» Thank you for the quick editorial! I really liked the task Thousand Islands. SpoilerThe answer exists if the source have at least $2$ out edges and other vertices have at least $1$ out edges. Remove all other edges, and "hide" one out edge of the source vertex. You get a functional graph and can obtain a tour on functional graph. Hide another edge and obtain another tour, they constitute the "two cycles" which you can concatenate and repeat.You can easily have that setting since you can repeatedly remove vertices with no out-edges, and if the source have $1$ out edges you can also remove the source and recursively try to find the answer.If you did 55 points in that problem, probably you will have some rough ideas like "ok, two disjoint cycles leaving from some vertex reachable from $0$". This seems very sketchy, we can't even see if the guess is correct, and even if it's true it seems hard to construct such a thing. However, we can actually claim a bold proposition, and somehow that's really easy and clean to prove. It was really nice, and reminded me of the past tasks: 2021 Keys and 2019 Split.
 » 16 months ago, # | ← Rev. 2 →   A question about Radio TowersFor subtask 6, the editorial mentions that if you take the subset of towers in the global solution that fall into the range $[L, R]$, you will add at most two extra towers, one between $L$ and $A[i]$, and another between $A[j]$ and $R$. However, I am unsure what happens when the interval $[L, R]$ contains no towers in the global solution. The editorial doesn't elaborate on this, since in this case, $i$ and $j$ are ill-defined. Does anyone have any ideas how to handle this case?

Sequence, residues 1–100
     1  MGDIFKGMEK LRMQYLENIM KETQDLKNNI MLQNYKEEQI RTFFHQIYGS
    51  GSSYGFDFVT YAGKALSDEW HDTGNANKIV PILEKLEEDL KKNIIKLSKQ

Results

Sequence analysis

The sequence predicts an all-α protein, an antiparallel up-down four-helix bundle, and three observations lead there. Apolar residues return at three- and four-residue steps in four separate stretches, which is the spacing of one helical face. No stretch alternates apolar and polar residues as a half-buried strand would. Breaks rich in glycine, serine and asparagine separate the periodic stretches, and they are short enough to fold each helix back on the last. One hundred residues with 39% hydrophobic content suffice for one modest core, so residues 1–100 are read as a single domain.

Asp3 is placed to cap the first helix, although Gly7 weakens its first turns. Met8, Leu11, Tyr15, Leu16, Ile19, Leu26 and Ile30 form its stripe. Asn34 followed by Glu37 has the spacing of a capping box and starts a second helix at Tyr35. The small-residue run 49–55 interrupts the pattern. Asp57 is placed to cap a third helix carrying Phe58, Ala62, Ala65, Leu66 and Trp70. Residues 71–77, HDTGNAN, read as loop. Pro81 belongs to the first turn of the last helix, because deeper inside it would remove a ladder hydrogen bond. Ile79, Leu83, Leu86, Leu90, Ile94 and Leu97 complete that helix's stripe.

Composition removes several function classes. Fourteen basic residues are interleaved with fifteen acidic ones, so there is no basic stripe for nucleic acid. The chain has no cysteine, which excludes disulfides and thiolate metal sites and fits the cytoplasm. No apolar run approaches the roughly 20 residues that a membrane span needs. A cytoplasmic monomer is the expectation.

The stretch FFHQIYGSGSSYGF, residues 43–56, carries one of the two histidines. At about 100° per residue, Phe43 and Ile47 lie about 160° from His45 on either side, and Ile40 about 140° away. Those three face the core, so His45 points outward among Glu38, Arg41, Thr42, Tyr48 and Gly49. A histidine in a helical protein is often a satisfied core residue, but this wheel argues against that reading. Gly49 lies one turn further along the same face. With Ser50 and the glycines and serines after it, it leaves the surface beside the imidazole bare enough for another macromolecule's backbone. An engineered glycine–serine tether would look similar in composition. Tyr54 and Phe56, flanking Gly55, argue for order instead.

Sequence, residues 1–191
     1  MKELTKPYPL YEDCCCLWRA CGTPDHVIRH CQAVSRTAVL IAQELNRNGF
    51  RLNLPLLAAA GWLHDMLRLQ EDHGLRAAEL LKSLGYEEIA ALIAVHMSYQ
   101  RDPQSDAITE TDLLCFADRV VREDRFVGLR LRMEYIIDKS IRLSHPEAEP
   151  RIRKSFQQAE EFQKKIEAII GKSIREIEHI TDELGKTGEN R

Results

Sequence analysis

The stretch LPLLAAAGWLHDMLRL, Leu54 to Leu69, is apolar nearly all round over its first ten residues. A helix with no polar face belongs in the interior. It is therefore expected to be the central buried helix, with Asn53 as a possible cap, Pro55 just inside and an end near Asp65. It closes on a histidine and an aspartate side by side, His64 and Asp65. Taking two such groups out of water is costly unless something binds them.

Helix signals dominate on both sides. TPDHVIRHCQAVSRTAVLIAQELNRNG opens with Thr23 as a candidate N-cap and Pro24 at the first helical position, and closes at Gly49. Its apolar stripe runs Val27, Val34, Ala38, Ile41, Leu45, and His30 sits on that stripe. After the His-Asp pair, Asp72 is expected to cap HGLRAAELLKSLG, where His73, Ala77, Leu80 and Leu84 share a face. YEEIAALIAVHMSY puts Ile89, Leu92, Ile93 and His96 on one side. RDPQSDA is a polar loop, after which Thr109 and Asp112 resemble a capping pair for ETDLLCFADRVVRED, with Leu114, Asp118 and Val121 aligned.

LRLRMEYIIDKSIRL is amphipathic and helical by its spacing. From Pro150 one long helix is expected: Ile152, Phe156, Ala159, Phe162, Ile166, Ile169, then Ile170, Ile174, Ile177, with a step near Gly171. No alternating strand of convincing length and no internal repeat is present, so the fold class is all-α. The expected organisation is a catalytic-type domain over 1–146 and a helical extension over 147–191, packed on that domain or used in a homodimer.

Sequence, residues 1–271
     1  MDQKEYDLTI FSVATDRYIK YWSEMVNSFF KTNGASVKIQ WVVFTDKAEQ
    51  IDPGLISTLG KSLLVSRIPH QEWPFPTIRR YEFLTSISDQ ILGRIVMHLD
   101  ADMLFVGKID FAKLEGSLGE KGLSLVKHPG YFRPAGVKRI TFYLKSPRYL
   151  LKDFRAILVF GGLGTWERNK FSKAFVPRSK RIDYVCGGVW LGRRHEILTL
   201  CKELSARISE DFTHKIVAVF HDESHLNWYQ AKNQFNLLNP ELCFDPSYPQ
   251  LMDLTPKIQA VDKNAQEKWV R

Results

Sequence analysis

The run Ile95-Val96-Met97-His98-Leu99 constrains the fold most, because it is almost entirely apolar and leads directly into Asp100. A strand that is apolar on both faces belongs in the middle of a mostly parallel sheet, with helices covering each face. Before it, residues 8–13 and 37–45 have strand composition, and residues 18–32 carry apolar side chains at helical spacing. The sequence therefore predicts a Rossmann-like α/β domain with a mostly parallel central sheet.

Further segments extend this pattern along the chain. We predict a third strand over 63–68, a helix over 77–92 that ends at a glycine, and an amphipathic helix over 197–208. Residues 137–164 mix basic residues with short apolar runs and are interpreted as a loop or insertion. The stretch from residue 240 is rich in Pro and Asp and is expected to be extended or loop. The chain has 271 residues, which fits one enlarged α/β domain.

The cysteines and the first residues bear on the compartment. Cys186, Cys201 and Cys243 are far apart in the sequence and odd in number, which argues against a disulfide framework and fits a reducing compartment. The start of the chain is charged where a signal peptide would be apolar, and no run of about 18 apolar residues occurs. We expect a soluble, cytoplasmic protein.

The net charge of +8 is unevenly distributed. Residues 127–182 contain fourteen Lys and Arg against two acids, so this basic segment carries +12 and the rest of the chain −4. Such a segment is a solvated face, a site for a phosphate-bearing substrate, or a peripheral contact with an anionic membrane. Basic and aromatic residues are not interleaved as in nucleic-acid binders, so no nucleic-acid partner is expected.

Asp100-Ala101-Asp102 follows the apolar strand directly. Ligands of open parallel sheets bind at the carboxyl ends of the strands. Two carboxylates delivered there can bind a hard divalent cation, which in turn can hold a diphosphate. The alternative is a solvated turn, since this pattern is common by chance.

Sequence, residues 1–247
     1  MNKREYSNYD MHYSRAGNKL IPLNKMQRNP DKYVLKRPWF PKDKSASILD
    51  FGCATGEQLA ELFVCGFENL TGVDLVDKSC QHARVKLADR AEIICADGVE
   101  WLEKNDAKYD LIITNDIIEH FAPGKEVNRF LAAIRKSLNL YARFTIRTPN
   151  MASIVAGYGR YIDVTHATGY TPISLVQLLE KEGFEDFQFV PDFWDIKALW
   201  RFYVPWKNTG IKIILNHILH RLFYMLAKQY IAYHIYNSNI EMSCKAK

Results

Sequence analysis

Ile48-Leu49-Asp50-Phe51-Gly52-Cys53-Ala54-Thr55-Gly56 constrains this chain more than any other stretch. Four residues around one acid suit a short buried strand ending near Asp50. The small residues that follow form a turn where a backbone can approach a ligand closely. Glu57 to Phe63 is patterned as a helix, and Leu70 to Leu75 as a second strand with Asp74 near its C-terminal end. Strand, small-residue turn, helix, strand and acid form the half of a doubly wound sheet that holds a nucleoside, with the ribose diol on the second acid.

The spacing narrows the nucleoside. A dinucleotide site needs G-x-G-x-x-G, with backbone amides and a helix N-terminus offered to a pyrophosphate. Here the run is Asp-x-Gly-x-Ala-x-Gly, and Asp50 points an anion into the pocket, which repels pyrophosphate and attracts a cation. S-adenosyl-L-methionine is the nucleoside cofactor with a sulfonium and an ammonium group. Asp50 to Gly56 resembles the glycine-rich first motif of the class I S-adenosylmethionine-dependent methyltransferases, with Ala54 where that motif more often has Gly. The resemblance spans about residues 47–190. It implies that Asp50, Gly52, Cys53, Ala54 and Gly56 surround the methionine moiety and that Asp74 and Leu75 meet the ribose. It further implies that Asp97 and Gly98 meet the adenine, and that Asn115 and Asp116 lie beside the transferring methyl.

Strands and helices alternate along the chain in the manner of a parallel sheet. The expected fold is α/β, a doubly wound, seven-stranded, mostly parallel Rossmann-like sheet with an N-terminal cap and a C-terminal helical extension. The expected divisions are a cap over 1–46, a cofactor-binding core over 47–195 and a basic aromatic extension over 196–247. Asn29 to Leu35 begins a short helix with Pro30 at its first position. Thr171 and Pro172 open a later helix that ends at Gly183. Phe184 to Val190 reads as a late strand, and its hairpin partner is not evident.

•  » » 16 months ago, # ^ | ← Rev. 3 →   SpoilerThe answer is always at most 2; if there were 3 towers in the range, then the middle one should be part of the global solution. Then, we can start with the minimum tower in the range and try to add one on either side.
•  » » » Thanks! I have another question though. Another questionWhy would it be true that the middle one should be part of the global solution? Here is my progress:If we let $A,B,C,D,E$ be the towers in order, where $B, C, D$ are the towers in the empty interval, and A and E are the towers just outside and part of the global solution. We know $B, C, D$ can communicate with each other, and $A$ and $E$ can communicate with each other as well. We want to show $A$ can communicate with $C$, and $C$ can communicate with $E$.We know, since $B, C, D$ can communicate with each other, that there is a tower $\geq H[C] + d$ between $B$ and $C$, and there is a tower $\geq H[C] + d$.However, I am not sure how to show that between $A$ and $C$, there exists a tower $\geq H[A] + d$. If we can show that, we would be done, since we have a symmetric argument with $C$ and $E$. We still haven't really used that $A$ can communicate with $E$.
•  » » » » SpoilerIn this case, the lower of A and B should be included in the global solution next to C: if B is lower than A, then the tall tower to A's left is also to B's left, so that works; if A is lower than B, then the tall tower between B and C also works for A and C.
 » Hi! I'm sorry for necroposting.I'm questioning, is there another editorial for day 1, problem Towers? Official editorial was difficult to understand, and I wonder if anyone has better explanation for >60 points solution?